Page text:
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Intergenerational transfer, human capital and long-term growth in China under the one child policy

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  • Zhu, Xi
  • Whalley, John
  • Zhao, Xiliang

Abstract

We suggest that the demographic changes caused by the one child policy (OCP) may not harm China's long-term growth. This is because of the higher human capital accumulation induced by the intergenerational transfer arrangements under China's poor-functioning formal social security system. Parents raise their children and depend on them for support when they reach an advanced age. A decrease in the number of children prompted by the OCP results in parents investing more in their children's education to ensure retirement consumption. In addition, decreased childcare costs strengthen educational investment through an income effect. Using a calibrated model, a benchmark with the OCP is compared to three counterfactual experiments without the OCP. Output in 2025 without OCP decreases about 4% under moderate estimates. The output gain comes from a greatly increased educational investment driven by fewer children (11.4years of schooling rather than 8.1). Our model sheds new light on the prospects of China's long-term growth by emphasizing the OCP's growth enhancing role through human capital formation under intergenerational transfer arrangements.

Suggested Citation

  • Zhu, Xi & Whalley, John & Zhao, Xiliang, 2014. "Intergenerational transfer, human capital and long-term growth in China under the one child policy," Economic Modelling, Elsevier, vol. 40(C), pages 275-283.
  • Handle: RePEc:eee:ecmode:v:40:y:2014:i:c:p:275-283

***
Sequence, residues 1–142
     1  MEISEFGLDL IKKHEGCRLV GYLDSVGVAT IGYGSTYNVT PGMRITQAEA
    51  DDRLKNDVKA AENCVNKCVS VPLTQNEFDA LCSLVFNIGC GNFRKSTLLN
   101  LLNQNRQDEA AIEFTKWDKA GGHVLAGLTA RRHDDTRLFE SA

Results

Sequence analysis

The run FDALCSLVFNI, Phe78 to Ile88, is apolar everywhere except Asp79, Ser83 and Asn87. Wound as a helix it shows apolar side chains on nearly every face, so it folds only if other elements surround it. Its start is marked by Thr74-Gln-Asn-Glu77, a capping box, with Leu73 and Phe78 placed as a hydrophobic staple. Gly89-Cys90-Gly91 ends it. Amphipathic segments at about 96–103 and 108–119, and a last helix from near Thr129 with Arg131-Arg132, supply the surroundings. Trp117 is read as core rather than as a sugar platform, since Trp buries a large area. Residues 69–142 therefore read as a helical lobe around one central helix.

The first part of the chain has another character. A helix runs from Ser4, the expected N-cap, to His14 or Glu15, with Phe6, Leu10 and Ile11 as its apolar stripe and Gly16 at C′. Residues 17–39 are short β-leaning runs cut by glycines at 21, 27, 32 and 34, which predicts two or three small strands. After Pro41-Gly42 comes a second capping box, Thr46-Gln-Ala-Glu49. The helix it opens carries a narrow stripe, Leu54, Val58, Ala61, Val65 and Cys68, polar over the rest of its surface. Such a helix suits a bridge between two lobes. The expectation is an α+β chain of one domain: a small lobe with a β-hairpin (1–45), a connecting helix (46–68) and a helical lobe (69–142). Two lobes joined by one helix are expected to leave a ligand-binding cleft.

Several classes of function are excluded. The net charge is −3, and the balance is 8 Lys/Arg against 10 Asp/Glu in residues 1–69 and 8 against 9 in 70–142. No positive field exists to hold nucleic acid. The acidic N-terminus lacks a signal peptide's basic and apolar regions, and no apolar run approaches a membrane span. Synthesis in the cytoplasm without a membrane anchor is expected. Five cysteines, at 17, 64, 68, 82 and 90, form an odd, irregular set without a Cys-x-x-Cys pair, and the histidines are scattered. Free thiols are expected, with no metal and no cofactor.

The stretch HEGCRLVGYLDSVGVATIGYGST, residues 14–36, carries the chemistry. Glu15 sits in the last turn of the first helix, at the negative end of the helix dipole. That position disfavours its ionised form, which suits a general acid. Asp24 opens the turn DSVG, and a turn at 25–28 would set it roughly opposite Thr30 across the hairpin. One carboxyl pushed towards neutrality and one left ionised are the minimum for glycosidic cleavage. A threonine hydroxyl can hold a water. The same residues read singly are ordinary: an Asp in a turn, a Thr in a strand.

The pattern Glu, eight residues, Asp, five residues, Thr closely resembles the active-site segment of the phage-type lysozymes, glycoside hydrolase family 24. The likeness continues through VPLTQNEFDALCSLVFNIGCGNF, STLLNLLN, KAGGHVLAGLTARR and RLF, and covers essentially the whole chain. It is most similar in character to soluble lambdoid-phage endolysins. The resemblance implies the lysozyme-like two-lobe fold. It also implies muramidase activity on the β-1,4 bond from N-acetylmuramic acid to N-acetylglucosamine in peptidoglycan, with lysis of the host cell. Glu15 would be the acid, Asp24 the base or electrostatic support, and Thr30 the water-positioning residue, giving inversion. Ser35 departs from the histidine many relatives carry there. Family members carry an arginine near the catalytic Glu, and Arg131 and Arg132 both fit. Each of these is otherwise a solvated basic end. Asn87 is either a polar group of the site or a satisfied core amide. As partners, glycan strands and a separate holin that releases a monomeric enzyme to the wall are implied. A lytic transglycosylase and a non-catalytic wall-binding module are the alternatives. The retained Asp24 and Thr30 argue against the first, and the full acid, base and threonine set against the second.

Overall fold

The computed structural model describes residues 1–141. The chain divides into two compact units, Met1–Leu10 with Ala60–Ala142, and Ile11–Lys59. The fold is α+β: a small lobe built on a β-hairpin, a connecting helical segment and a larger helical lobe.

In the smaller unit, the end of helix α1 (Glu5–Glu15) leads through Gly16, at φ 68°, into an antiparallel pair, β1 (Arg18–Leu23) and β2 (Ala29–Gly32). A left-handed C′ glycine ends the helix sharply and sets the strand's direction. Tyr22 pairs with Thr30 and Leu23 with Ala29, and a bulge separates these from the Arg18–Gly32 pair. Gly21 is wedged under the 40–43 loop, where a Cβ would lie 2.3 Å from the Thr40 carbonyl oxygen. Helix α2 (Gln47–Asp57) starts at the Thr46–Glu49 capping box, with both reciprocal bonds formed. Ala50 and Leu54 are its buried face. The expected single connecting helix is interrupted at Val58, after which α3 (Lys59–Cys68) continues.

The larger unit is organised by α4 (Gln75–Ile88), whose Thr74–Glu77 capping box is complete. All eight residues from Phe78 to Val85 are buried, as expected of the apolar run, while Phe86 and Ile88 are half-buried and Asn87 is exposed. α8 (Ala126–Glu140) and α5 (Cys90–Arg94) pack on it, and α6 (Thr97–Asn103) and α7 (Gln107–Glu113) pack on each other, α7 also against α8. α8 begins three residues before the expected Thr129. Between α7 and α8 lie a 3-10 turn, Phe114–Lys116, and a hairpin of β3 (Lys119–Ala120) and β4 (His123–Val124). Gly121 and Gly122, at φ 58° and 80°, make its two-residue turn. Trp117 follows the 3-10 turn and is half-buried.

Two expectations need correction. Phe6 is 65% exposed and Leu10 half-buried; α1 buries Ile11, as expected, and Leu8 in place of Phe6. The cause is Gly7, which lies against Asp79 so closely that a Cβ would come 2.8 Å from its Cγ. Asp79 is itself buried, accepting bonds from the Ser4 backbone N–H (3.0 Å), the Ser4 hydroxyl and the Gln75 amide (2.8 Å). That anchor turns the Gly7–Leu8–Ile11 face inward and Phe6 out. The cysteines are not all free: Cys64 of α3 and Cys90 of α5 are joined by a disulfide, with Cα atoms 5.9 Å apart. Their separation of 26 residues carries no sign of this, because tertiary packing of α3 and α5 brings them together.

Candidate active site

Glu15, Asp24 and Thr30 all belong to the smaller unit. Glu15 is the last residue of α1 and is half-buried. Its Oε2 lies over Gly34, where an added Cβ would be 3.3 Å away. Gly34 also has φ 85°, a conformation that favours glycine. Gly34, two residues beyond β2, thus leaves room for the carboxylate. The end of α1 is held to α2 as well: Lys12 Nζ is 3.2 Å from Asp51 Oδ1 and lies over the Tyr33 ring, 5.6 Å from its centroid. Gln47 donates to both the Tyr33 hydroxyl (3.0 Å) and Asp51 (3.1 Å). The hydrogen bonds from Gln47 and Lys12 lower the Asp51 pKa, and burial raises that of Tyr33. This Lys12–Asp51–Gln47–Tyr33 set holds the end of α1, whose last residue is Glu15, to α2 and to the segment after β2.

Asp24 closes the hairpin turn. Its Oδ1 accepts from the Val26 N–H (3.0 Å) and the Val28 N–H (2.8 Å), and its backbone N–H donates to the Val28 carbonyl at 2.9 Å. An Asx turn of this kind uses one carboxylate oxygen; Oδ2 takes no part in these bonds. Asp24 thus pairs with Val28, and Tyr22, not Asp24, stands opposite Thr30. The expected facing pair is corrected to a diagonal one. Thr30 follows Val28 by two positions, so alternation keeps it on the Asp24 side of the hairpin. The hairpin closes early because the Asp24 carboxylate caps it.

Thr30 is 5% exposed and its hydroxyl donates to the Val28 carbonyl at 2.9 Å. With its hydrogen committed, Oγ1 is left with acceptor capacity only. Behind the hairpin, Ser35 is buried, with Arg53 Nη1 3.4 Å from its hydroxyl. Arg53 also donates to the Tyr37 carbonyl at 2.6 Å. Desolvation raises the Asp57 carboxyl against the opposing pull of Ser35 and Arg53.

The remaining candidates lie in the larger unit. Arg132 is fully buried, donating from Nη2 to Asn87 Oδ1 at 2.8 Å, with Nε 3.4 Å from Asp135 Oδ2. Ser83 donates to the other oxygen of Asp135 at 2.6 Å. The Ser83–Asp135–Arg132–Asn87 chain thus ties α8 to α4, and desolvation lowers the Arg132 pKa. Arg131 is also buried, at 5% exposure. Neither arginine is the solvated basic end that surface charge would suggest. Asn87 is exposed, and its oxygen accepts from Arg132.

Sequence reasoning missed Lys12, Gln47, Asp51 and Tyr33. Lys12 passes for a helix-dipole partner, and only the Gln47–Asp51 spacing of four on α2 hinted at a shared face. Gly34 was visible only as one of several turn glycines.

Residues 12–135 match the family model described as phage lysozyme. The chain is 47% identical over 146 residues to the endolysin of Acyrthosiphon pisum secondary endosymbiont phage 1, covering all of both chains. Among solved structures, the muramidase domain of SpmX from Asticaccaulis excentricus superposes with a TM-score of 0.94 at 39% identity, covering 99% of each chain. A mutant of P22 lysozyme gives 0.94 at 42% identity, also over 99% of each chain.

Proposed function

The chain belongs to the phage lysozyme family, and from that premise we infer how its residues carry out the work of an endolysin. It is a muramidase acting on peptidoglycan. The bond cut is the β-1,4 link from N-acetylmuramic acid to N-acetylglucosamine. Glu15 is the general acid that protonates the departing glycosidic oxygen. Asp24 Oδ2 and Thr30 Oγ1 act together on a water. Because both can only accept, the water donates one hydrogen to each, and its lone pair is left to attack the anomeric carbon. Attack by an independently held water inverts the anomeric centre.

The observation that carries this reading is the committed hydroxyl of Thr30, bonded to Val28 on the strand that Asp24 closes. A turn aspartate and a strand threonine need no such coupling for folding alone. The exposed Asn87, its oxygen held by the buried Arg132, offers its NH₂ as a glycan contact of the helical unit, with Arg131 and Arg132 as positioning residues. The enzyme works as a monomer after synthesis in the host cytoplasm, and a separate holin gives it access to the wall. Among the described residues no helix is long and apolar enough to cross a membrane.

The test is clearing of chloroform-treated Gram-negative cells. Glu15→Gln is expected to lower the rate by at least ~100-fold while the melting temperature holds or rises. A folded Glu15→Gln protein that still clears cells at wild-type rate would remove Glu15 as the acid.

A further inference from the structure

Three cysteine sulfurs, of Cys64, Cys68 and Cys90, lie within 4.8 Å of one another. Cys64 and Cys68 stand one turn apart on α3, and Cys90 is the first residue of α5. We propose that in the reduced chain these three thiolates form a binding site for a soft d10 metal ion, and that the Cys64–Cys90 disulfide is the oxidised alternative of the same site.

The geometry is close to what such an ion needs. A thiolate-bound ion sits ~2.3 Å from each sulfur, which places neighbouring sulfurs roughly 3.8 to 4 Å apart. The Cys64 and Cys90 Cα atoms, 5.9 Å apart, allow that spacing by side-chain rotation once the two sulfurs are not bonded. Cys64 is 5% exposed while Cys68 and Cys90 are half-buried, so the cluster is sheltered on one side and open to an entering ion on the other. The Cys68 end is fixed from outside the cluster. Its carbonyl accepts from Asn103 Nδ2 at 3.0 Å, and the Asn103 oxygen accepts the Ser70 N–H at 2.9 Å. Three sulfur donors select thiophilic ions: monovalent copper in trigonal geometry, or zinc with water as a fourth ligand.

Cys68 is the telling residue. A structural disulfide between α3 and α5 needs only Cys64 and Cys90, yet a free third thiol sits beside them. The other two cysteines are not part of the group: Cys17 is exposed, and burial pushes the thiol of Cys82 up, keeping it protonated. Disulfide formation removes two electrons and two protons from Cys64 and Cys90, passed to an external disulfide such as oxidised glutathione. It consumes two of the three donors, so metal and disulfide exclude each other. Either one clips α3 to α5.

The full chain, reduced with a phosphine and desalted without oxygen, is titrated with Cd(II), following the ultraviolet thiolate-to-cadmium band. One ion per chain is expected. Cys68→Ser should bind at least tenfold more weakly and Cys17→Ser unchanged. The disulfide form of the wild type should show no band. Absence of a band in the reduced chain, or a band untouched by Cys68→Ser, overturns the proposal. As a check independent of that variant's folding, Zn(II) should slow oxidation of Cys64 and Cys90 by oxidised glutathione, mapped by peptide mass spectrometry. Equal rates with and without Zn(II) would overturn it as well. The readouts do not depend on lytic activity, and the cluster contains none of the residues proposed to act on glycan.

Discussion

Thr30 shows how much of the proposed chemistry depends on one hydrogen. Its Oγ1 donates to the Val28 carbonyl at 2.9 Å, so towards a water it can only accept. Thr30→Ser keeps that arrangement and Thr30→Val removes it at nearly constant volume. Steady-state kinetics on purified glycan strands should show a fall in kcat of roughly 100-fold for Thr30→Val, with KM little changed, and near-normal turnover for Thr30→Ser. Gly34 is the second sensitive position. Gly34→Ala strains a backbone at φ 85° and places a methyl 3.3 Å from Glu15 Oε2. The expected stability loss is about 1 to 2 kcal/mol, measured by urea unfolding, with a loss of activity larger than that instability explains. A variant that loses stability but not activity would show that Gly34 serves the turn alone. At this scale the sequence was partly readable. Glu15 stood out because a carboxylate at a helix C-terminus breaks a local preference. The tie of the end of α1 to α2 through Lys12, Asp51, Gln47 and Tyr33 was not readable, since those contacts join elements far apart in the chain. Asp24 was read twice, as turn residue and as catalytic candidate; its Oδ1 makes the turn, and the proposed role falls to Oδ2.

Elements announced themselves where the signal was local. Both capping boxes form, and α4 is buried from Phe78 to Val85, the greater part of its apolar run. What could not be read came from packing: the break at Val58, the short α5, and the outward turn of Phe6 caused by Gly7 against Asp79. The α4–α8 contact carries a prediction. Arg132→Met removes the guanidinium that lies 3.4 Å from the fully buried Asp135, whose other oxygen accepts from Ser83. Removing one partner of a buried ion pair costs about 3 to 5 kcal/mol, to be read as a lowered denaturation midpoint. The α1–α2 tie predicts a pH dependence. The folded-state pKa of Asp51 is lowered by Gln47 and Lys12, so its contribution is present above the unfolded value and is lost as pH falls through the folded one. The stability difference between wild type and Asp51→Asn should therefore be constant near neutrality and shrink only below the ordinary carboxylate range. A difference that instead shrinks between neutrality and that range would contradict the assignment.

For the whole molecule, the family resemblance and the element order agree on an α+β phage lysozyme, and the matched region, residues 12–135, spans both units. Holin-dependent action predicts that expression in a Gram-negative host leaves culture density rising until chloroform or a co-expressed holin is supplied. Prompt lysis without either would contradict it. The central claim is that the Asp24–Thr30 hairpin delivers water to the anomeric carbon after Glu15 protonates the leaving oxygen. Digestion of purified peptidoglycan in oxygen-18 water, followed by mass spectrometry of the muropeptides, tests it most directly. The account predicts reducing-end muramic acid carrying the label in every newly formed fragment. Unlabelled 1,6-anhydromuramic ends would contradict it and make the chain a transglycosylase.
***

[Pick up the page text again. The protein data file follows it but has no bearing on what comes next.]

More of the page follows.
DOI: 10.1016/j.econmod.2014.04.015
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    2. Jing You & Xinxin Ding & Miguel Niño-Zarazúa & Sangui Wang, 2015. "Lofty pine and clinging vine: The educational 'Great Gatsby Curve' and the role of house prices," WIDER Working Paper Series wp-2015-147, World Institute for Development Economic Research (UNU-WIDER).
    3. Chen, Yang & Fang, Zheng, 2018. "Industrial electricity consumption, human capital investment and economic growth in Chinese cities," Economic Modelling, Elsevier, vol. 69(C), pages 205-219.
    4. Zheng Shen & James Yang, 2021. "A Simulation Study of the Effect of Delayed Retirement on Welfare of the Elderly: Evidence from China," SAGE Open, , vol. 11(2), pages 21582440211, June.
    5. Mishra, Vinod & Smyth, Russell, 2015. "Estimating returns to schooling in urban China using conventional and heteroskedasticity-based instruments," Economic Modelling, Elsevier, vol. 47(C), pages 166-173.
    6. Pei, Yaolin & Cong, Zhen & Wu, Bei, 2020. "Education, adult children's education, and depressive symptoms among older adults in rural China," Social Science & Medicine, Elsevier, vol. 253(C).
    7. Gamlath, Sharmila & Lahiri, Radhika, 2018. "Public and private education expenditures, variable elasticity of substitution and economic growth," Economic Modelling, Elsevier, vol. 70(C), pages 1-14.
    8. YIN Ting & ZHANG Junchao, 2017. "More Schooling, More Generous? Estimating the effect of education on intergenerational transfers," Discussion papers 17074, Research Institute of Economy, Trade and Industry (RIETI).
    9. Jing You & Xinxin Ding & Miguel Niño-Zarazúa & Sangui Wang, 2015. "Lofty pine and clinging vine: The educational ‘Great Gatsby Curve’ and the role of house prices," WIDER Working Paper Series 147, World Institute for Development Economic Research (UNU-WIDER).

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    More about this item

    Keywords

    Intergenerational transfer; Human capital; Growth; Demographic transition;
    All these keywords.

    JEL classification:

    • J13 - Labor and Demographic Economics - - Demographic Economics - - - Fertility; Family Planning; Child Care; Children; Youth
    • O11 - Economic Development, Innovation, Technological Change, and Growth - - Economic Development - - - Macroeconomic Analyses of Economic Development
    • O53 - Economic Development, Innovation, Technological Change, and Growth - - Economywide Country Studies - - - Asia including Middle East

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